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PC Speakers

Buying Guide

In the world of digital media that we have today, there's practically...
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Buying Guide

In the world of digital media that we have today, there's practically no excuse to have some sort of speakers on your computer. Be it a cheap, simple pair just for the sake of having them or an expensive 7.1 surround sound set for sound that will rival most movie theaters; your choice of speakers will entirely reflect how you consume your media.

If your someone who uses a computer just for simple tasks; web browsing, emailing, document creation, etc. then you won't necessarily require an expensive set of speakers. If your this type of person then most of the sound you hear on your computer will likely be coming from websites, be it embedded media, YouTube videos or interactive websites. Your speakers will serve as a means to further your online interaction as the presence of media-based websites increases. If you're shopping for a simple set of speakers then you probably only need to look into a stereo pair of speakers - extras like a subwoofer aren't necessarily needed in this case. Stereo speakers, as with some surround speakers, will either connect to your computer's soundcard via 1/8" audio jacks or they will have a USB sound chip embedded in them and will run entirely from a USB port. Speakers of this variety will either be passive and powered only by the computer's audio signal or they will require an AC power adapter or a USB power adapter. Most speaker sets in this price range will have only one input for the computer but if you look hard enough you can find some that will have an auxiliary input for other audio devices.

The second range of speakers are for most everyday computer users and families. Most of the time these are the people who are going to be doing more than just your basic tasks. If you're using your computer regularly then chances are good that you probably listen to music on it, watch videos and/or play PC games. You probably want to look into at least a 2.1 set of speakers because then you get a sub which will give you better and more powerful sounding low end. If you're using your computer a lot for DVDs and movies then it might be worth spending a little extra to get a surround sound set of speakers. Keep in mind that for proper surround sound speaker hook-up you will need a soundcard that supports multi-channel surround. For those without a supporting sound card, most surround sound speakers have an "enhance" or "matrix" button which will up-convert a stereo signal to use all of the speakers - although it isn't a true surround it does sound better than having unused speakers. Other features to look for with speakers in this range are auxiliary inputs, headphone jacks and sometimes even desktop control pods and/or wireless remotes.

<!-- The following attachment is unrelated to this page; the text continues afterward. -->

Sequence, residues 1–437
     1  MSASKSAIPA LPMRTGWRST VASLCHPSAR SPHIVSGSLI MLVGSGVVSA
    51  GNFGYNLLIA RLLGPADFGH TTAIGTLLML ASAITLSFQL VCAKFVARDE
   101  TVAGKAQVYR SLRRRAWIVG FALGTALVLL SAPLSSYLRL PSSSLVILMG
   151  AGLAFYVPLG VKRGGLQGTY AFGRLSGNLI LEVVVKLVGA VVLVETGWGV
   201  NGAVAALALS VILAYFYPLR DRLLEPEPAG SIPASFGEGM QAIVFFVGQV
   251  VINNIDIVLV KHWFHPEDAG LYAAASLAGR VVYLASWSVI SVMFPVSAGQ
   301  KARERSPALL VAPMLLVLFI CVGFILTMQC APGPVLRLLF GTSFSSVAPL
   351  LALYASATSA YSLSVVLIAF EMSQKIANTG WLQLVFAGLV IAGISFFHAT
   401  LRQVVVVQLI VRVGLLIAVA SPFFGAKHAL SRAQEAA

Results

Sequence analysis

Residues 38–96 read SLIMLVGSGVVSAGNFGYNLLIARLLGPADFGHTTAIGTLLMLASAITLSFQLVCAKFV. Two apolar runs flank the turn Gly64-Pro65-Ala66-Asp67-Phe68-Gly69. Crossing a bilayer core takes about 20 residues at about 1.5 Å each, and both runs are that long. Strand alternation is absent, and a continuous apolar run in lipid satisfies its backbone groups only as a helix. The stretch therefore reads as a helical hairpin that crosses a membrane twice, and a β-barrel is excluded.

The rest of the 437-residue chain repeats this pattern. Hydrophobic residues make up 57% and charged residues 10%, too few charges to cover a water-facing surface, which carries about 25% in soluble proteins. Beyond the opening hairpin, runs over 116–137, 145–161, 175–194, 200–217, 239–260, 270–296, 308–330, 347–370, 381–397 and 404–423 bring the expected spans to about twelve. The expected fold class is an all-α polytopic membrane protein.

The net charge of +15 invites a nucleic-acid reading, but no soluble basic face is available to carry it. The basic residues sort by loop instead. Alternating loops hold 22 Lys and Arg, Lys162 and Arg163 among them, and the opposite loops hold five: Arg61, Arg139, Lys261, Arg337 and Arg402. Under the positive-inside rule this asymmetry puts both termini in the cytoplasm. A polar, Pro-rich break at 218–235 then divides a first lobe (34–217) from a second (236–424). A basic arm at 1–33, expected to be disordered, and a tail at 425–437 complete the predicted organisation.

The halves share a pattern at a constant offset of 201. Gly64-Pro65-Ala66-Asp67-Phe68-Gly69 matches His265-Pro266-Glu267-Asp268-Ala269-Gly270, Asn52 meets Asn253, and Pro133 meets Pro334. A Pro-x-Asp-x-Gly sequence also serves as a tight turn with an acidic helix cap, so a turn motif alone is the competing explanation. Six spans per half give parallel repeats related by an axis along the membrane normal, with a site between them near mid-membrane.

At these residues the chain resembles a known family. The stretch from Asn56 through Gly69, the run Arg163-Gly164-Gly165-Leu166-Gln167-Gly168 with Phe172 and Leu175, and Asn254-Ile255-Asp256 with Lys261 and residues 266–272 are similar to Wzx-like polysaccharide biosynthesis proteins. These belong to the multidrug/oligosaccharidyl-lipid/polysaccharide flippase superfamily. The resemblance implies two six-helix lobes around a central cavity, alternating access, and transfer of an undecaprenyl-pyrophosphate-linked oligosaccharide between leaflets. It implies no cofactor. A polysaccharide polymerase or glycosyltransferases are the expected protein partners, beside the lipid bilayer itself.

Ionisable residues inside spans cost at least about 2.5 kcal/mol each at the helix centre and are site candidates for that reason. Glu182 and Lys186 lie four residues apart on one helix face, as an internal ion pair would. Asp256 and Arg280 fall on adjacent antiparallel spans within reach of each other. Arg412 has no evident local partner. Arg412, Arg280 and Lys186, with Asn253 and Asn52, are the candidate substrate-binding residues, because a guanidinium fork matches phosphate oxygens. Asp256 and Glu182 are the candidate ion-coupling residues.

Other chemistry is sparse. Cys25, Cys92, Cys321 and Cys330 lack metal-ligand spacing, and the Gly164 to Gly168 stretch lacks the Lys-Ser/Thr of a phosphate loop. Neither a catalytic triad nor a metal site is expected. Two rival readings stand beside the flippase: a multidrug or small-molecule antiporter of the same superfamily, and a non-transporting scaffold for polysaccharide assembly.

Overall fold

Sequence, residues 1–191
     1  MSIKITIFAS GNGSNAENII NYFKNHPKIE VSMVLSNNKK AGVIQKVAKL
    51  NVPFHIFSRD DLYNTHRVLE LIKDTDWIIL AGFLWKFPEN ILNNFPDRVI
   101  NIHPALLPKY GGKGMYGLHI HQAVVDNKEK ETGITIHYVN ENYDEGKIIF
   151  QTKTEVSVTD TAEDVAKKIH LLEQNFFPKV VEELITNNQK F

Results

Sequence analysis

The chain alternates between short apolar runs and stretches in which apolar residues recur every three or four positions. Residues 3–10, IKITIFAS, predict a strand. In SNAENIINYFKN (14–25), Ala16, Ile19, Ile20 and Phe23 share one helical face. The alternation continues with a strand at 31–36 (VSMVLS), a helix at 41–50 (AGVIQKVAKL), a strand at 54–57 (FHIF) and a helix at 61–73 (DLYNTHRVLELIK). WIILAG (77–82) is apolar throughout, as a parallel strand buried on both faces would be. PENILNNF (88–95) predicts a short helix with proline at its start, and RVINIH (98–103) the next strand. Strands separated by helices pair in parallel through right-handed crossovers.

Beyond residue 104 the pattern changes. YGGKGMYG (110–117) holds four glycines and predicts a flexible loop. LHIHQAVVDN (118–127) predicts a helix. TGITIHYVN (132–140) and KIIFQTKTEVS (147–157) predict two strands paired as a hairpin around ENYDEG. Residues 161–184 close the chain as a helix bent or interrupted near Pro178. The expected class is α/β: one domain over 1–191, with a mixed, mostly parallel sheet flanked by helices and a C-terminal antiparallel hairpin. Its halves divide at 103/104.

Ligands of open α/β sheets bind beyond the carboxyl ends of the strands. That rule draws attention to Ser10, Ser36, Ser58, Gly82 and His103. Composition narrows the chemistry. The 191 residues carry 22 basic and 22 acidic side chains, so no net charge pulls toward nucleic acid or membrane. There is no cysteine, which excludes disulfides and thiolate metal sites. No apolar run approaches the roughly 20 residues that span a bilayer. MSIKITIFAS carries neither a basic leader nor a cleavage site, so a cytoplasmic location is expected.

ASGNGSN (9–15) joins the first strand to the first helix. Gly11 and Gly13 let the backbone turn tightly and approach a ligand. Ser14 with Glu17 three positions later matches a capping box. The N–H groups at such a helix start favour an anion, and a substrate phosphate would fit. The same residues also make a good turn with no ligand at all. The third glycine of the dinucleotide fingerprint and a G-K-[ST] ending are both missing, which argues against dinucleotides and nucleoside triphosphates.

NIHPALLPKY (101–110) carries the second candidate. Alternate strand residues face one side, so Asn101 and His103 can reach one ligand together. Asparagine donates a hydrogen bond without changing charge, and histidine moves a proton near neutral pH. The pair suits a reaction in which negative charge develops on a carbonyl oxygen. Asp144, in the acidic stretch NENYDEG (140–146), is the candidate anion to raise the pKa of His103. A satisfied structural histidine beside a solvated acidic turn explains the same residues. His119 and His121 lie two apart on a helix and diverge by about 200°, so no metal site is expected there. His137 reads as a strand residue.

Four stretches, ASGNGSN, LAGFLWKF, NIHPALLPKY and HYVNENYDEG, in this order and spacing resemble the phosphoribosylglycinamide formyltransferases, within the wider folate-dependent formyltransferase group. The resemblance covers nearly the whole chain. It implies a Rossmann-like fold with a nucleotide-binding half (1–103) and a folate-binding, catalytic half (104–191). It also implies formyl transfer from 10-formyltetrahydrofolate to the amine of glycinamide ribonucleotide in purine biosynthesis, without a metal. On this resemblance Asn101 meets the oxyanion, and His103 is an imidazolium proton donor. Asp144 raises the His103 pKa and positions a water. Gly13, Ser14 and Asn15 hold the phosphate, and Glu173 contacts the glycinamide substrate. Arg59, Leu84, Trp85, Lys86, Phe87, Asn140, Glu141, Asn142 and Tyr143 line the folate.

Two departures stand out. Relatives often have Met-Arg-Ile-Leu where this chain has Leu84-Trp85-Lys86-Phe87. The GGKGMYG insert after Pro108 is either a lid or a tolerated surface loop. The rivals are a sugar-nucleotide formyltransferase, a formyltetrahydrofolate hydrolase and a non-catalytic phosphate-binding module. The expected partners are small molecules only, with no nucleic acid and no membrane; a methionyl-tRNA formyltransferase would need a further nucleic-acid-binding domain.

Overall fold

If you're someone who does intense amounts of PC gaming and/or spends a lot of time enjoying digital media then you probably won't settle for an average pair of speakers. Good stereo and surround sound speakers can start with a three digit price tag and go up fast from there. The gains? High quality speakers do a much better job of accurately reproducing the audio you're listening to. They will likely have a large frequency range to ensure that everything from the low, rumbling bass to the crisp and sparkling highs sound nothing less than amazing. Don't doubt the fact that you will be able to hear a difference between an expensive set of speakers and a cheaper set because you will be surprised just how big the difference is. A lot of higher end speaker sets will have digital inputs to allow the use of digital hookups such as Toslink and Coaxial inputs. By using digital inputs and doing all conversion within the speaker system itself, manufacturers also have the ability to integrate Dolby Digital sound enhancement into their systems. The Logitech Z-5500, for example, is a 5.1 surround sound speaker system which features two digital inputs and Dolby Digital Pro Logic II decoding along with being THX certified for delivering high sound quality. Of course luxury features like feature-packed control pods can also be expected with more expensive speaker sets. To use the Z-5500's as an example again; they feature a large stand-up control pod with five buttons, a large volume dial and even a back-lit screen to help you navigate and adjust settings.

With most electronics retail stores offering some sort of “listening wall” for computer speaker systems, you will at least get a good chance to sample how all the different price ranges of speakers sound. If you fall into the category of someone who “just needs speakers” then you may not bother with this but if you're stuck knowing you want decent speakers but are unsure just how much or little you want to spend, then start by spending some time trying out as many sets as you can. Your ears will eventually find a few sets that stand out to you then you can go ahead and narrow things down based on the features they have and the features you need.


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